Trump pardons Oregon ranchers who sparked 2016 militia standoff

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Dwight Hammond, 76, and his son Steven, 49 Image copyright Police handout
Image caption Dwight Hammond, 76, and his son Steven, 49

President Donald Trump has pardoned two Oregon cattle ranchers whose sentence for arson led armed militiamen to seize control of a wildlife refuge in 2016.

Dwight Hammond, 76, and his son Steven Hammond, 49, were convicted in 2012 after a prescribed burn on their land spread to nearby public lands in 2001.

The pair served time in jail, but a judge later ruled that they must serve their full five-year sentence.

The ruling sparked anti-government protests that left one rancher dead.

“The Hammonds are devoted family men, respected contributors to their local community and have widespread support from their neighbours, local law enforcement and farmers and ranchers across the West,” the White House said in statement on Tuesday.

“Justice is overdue for Dwight and Steven Hammond, both of whom are entirely deserving of these Grants of Executive Clemency.”

The Hammonds had claimed that the fire was to fend off invasive species, but prosecutors alleged that it was set to cover up evidence of illegal deer poaching and that it posed a grave risk to firefighters.

Image copyright Getty Images

A judge had granted them a shortened jail stint, but in 2015 a federal judge ruled that they must complete their full sentences and sent them back to jail.

The case had drawn the attention of limited-government proponents, including the family of Nevada rancher Cliven Bundy who was himself facing charges relating to an armed standoff with law enforcement stemming from a refusal to pay fees for grazing on public lands.

His son, Ammon Bundy, then began a social media campaign backing the Hammonds, and travelled to Burns, Oregon, to organise protests calling for their release.

Mr Bundy and his group, Citizens for Constitutional Freedom, attracted supporters from across a number of states.

On 2 January 2016 the armed militiamen – who were never directly endorsed by the Hammonds- took over the Malheur National Wildlife Refuge and widened the range of demands.

The standoff ended when police arrested several members and fatally shot the group’s spokesman, LaVoy Finicum, who they said was reaching for his gun during a traffic stop.

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Media captionWhy did militiamen stage a protest in Oregon?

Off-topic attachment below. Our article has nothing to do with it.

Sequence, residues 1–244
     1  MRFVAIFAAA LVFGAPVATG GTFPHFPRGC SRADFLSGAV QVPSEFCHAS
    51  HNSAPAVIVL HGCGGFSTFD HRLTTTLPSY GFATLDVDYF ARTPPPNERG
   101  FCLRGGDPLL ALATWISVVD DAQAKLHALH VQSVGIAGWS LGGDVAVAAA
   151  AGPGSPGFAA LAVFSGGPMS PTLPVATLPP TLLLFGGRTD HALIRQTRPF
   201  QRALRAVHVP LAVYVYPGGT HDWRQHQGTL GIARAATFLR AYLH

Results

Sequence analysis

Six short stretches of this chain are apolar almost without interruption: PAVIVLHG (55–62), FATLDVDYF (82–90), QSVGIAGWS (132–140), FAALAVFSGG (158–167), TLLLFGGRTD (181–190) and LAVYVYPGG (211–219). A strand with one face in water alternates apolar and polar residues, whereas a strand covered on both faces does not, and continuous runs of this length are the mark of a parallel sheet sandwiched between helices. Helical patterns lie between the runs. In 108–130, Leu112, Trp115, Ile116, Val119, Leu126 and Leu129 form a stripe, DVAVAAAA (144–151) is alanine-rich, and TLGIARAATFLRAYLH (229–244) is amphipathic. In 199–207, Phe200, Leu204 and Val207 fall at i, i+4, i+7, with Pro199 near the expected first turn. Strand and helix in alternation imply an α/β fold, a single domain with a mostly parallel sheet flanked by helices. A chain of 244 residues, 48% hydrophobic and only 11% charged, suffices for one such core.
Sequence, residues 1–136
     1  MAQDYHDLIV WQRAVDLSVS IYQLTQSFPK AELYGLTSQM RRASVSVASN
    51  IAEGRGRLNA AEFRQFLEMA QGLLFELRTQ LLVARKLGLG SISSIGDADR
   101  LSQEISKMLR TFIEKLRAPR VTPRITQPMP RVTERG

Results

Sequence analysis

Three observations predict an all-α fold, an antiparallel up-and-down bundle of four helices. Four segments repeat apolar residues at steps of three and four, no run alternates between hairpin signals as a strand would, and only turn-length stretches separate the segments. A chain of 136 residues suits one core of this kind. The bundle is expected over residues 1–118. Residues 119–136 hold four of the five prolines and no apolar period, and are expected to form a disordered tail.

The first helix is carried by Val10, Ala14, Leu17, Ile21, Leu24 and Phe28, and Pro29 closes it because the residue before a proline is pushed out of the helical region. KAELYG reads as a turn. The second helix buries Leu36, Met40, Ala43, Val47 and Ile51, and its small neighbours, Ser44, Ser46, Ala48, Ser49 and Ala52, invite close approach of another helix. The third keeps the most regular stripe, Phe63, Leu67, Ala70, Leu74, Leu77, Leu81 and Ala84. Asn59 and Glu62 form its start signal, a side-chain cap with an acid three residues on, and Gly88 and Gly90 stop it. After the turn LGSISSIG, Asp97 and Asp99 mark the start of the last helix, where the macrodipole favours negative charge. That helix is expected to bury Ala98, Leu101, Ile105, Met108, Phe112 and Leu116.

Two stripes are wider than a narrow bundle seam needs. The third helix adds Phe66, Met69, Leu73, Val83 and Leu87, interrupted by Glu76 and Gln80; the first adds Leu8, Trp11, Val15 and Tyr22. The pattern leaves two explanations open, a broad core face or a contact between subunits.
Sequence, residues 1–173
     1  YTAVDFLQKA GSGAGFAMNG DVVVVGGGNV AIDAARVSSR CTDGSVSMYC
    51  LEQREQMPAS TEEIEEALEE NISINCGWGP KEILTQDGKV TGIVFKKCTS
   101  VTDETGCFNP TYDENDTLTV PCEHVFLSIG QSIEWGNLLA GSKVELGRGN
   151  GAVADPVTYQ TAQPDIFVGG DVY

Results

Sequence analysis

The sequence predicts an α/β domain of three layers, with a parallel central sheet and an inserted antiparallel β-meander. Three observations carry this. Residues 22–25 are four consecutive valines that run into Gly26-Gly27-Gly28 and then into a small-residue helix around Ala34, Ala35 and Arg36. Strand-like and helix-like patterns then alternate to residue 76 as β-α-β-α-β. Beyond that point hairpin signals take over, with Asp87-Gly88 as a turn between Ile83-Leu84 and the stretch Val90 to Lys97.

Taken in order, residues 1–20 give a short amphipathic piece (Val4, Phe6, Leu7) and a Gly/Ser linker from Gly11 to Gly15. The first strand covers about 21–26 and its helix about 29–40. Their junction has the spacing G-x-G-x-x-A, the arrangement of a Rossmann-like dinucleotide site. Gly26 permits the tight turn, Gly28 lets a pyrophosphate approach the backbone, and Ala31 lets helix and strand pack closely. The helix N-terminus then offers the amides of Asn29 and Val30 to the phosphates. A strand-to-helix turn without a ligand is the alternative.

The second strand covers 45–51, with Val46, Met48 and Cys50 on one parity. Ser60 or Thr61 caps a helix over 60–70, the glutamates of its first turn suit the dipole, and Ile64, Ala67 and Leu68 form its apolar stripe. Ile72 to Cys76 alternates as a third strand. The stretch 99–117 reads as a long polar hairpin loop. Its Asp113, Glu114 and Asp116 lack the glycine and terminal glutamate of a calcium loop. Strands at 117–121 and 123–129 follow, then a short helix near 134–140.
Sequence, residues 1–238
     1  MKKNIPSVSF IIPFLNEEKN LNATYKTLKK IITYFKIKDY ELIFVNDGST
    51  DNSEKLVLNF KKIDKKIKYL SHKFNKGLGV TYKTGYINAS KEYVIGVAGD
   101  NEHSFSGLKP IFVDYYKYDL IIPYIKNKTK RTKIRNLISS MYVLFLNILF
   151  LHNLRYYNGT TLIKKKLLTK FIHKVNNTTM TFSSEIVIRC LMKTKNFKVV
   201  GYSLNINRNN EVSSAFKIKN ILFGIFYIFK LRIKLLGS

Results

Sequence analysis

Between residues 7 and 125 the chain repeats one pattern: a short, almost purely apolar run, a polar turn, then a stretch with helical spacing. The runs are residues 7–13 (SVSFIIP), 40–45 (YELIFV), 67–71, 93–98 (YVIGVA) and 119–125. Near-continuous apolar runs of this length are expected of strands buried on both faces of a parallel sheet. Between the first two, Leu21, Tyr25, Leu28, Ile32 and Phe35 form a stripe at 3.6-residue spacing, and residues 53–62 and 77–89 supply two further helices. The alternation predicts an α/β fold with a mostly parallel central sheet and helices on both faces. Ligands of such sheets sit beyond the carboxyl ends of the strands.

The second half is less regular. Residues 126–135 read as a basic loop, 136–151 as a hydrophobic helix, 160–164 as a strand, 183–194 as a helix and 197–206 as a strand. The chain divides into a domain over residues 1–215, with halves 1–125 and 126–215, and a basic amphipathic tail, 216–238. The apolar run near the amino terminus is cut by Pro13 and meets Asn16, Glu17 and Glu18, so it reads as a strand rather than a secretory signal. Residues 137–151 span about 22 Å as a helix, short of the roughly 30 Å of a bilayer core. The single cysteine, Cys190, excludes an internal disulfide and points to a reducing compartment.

Pardon power

Anthony Zurcher, BBC News, Washington

It’s not going to get as much attention as the pardons of Arizona Sheriff Joe Arpaio, Bush administration official Scooter Libby or conservative provocateur Dinesh D’Souza, but Mr Trump’s recent move sends a clear message to those who are watching.

The president stands with right-wing militias in their disputes with the government.

In the vast stretches of federal territory in the western US, ranchers and government land management officials frequently clash. In the Hammond case, repeated skirmishes and antagonisms ended in arrest and boiled over into a protracted armed standoff that became a rallying cry for the conservative political fringe.

The Obama administration insisted the Hammonds receive a mandatory minimum sentence of five years – but Mr Trump has other ideas. While the president and his administration may espouse rigorous enforcement of the law in other areas, in this case they insist that a vigorous prosecution was unwarranted.

What’s more, the president, once again, has shown he is willing to use his pardon power to address what he sees political wrongs. That’s a message interested parties – perhaps those in the crosshairs of Robert Mueller’s special counsel investigation – won’t miss, either.

Susie Hammond, Dwight’s wife and Steven’s mother, told the Oregonian that she was asleep when her local congressman called to say that Mr Trump had signed the pardon.

“We’ve been waiting a long time. I think it’s wonderful,” she said, adding: “I still can’t believe it. I won’t believe it until I see them.”

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